Watching Trump on the evening news in the prison rec room, I almost feel sorry for him. I know him so well and I know his facial tics and tells; I see the cornered look in his eyes as he flails and rants and raves, searching for a protector and advocate, someone willing to fight dirty and destroy his enemies. I see the men who have replaced me and continue to forfeit their reputations by doing the President’s bidding, no matter how dishonest or sleazy or unlawful. Rudy Guiliani, William Barr, Jared Kushner and Mike Pompeo are Trump’s new wannabe fixers, sycophants willing to distort the truth and break the law in the service of the Boss. All this will be to no avail. Trump doesn’t want to hear this, and he will certainly deny it, but he’s lost without his original bulldog lawyer Roy Cohn, or his other former pitbull and personal attorney, Michael Cohen.


    During my testimony, Republican House members repeatedly asked me to promise that I wouldn’t write a book. I refused, repeatedly. It was another way of saying I shouldn’t be permitted to tell my story, in essence giving up my First Amendment rights. It was a clear sign of desperation and fear. I have lost many things as a consequence of my decisions and mistakes, including my freedom, but I still retain the right to tell this story about the true threat to our nation and the urgent message for the country it contains.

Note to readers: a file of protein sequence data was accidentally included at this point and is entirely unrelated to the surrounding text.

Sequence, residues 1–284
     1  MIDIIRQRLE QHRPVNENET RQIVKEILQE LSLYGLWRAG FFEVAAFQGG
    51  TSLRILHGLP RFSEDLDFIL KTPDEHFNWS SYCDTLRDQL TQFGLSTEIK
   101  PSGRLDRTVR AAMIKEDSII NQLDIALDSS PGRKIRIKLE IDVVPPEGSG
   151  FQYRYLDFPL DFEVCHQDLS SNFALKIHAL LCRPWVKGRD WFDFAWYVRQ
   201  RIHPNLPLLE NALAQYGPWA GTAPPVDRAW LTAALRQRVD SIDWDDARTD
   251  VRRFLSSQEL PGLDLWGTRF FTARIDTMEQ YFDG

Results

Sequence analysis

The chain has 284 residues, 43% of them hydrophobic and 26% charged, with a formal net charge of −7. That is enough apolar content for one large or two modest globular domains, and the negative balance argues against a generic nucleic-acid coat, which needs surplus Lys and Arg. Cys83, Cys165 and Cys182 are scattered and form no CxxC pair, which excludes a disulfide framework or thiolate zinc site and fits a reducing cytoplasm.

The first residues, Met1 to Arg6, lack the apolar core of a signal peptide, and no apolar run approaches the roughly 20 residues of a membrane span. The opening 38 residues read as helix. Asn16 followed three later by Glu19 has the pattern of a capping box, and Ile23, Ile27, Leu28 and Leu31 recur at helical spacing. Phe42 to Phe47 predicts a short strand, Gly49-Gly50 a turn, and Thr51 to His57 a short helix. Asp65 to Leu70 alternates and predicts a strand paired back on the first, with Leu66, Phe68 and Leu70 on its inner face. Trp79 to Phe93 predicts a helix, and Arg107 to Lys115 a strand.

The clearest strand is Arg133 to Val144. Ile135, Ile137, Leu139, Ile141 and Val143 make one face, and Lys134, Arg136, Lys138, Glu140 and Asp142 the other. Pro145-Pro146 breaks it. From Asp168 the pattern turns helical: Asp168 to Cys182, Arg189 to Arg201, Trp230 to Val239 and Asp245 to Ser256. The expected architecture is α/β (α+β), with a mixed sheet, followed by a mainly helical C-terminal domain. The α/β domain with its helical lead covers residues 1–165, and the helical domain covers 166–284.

One last thing I can say with great confidence, as you turn the page and meet the real real Donald Trump for the first time: This is a book the President of the United States does not want you to read.

  12. #27212
    En route
    Cujo's Avatar
    Join Date
    Jan 2006
    Last Online
    Today @ 03:30 AM
    Location
    Reality.
    Posts
    30,669

  13. #27213
    Pedantic bastard
    nidhogg's Avatar
    Join Date
    Jun 2008
    Last Online
    @
    Posts
    15,824
    ^^ Looks like it might be a page turner.

  14. #27214

  15. #27215
    En route
    Cujo's Avatar
    Join Date
    Jan 2006
    Last Online
    Today @ 03:30 AM
    Location
    Reality.
    Posts
    30,669
    Sure, but where's the journo asking, " but when 2 people died of Ebola you said Obama should resign. Now that 160,000 people have died of Covid, don't you think you should resign?"